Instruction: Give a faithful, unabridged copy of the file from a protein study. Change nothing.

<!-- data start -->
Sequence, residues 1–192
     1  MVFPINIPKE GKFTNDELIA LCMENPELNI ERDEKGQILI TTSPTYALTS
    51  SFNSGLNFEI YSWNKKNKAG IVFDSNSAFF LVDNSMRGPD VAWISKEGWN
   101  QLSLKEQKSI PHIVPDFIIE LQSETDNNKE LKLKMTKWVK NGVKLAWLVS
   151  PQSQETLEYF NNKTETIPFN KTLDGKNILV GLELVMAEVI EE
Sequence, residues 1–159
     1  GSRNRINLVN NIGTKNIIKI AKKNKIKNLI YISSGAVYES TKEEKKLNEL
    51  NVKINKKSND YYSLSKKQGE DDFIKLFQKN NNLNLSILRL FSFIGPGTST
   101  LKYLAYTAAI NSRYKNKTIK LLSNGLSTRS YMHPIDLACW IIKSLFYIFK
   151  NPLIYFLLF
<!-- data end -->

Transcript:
Sequence, residues 1–192
     1  MVFPINIPKE GKFTNDELIA LCMENPELNI ERDEKGQILI TTSPTYALTS
    51  SFNSGLNFEI YSWNKKNKAG IVFDSNSAFF LVDNSMRGPD VAWISKEGWN
   101  QLSLKEQKSI PHIVPDFIIE LQSETDNNKE LKLKMTKWVK NGVKLAWLVS
   151  PQSQETLEYF NNKTETIPFN KTLDGKNILV GLELVMAEVI EE
Sequence, residues 1–159
     1  GSRNRINLVN NIGTKNIIKI AKKNKIKNLI YISSGAVYES TKEEKKLNEL
    51  NVKINKKSND YYSLSKKQGE DDFIKLFQKN NNLNLSILRL FSFIGPGTST
   101  LKYLAYTAAI NSRYKNKTIK LLSNGLSTRS YMHPIDLACW IIKSLFYIFK
   151  NPLIYFLLF